Your newsletter can be a new space to be you, be fun and funny and open. The people reading your newsletter and what you put in it are typically opting in! They subscribed! If they don’t like it, they can unsubscribe. This might not be the part of your business that generates the most leads or makes the most sales right away, but it can be the highlight of your week to create something for people who are looking for it at the other end. Let your newsletter satisfy a personal need or interest, too.

Your newsletter is hitting inboxes. Make it count.

Providers like Gmail have evolved to better block spam. In doing so, a Gmail inbox is automatically divided into personal, social, promotional and forum messages so readers can easily prioritize their personal emails over retailer email marketing and newsletters. If readers are opting in, they’ll be looking for your newsletter anyway, but consider how your newsletter hits inboxes, how it looks and what is seen first. A journalist might call this an “above the fold” mentality. Make your subject line, first two sentences and everything else at the top of the newsletter count.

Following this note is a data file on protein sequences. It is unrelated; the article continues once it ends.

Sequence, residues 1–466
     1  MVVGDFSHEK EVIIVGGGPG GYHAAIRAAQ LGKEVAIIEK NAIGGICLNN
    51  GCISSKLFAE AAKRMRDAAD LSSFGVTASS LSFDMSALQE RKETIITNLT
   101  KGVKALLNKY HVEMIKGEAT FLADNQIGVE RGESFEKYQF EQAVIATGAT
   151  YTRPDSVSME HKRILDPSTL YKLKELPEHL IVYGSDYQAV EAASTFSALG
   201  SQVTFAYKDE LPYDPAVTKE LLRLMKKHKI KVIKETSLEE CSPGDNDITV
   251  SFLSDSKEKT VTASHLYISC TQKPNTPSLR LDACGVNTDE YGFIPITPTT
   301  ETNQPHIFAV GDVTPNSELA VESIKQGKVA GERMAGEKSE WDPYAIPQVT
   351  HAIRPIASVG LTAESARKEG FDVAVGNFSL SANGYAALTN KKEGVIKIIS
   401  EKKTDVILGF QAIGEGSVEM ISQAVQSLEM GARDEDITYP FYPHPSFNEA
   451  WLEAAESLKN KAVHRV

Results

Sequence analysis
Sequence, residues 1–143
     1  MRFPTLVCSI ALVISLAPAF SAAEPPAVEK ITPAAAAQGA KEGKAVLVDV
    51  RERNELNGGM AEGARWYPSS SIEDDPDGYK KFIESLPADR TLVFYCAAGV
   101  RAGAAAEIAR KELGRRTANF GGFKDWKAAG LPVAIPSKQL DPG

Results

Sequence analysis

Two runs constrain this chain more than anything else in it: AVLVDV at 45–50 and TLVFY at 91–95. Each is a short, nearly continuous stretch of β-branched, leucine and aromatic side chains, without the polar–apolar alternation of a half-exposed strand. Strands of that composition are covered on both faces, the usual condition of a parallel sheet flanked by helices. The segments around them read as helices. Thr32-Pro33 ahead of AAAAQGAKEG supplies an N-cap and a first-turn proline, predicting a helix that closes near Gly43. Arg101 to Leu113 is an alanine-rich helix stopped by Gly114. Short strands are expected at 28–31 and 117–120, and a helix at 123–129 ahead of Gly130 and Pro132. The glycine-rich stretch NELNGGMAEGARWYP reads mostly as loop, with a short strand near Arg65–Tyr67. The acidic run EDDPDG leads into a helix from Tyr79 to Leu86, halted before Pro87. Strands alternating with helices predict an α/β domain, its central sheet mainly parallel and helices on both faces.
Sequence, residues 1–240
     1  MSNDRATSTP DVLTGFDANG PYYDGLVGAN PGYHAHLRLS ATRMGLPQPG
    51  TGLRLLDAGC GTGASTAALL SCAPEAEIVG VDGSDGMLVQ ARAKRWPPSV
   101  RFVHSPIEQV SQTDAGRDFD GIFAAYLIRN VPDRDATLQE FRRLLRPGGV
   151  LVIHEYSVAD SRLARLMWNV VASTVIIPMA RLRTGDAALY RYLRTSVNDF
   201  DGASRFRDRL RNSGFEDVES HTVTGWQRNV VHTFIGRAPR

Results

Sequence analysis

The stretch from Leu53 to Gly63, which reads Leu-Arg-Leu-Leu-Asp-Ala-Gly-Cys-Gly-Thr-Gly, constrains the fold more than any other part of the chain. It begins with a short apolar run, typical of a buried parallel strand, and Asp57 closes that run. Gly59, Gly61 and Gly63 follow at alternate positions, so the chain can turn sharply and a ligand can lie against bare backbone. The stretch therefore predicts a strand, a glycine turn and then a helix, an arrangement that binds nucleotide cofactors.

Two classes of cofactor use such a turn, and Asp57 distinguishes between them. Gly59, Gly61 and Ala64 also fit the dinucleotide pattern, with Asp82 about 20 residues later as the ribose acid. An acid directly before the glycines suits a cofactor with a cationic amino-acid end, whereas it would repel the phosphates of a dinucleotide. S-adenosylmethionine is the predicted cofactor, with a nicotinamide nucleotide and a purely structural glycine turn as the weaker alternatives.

Don’t count your chickens. They’re not the focus.

Subscribers are generally hard-won when it comes to newsletters, due to the fact that inboxes are still a very “personal,” some call it, “sacred,” space. But a reader opting in to a newsletter with their personal email address can be more valuable than a Facebook Like or a Retweet. Even the most modest-sounding list serve of subscribers can generate a meaningful and significant amount of traffic and buzz around content. Don’t make a point to count your subscriber list. When you’re doing it right, it will grow organically and subscribers will share it.

From convenience and exclusivity to connection and routine, newsletters are having a revolution that isn’t dying down anytime soon. The relationship between the publisher and the subscriber can’t be denied. Even if the recipient hasn’t read your newsletter yet, they signed up to receive it because the person who sent it was smart and interesting. Is that you?

If you have a newsletter I can follow, I hope you’ll tweet me a link @BridgetForney. If you have a question about this article or your newsletter strategy, you can drop me a line at

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Bridget Forney

Bridget Forney is a writer and freelance public relations strategist in Baltimore, Md. She publishes an upstart newsletter, Forney File, which focuses on an under-appreciated, under-publicized or under-thought about life topic every month. Then a team of really cool intellectuals, professionals, illustrators, photographers and essayists narrow in on it and expose how it influences the basic things we say, think, do and work on day-to-day.

The File aims to help readers think about what drives their passions, thoughts and actions and just think of an everyday life topic super differently. You can subscribe to Forney File here: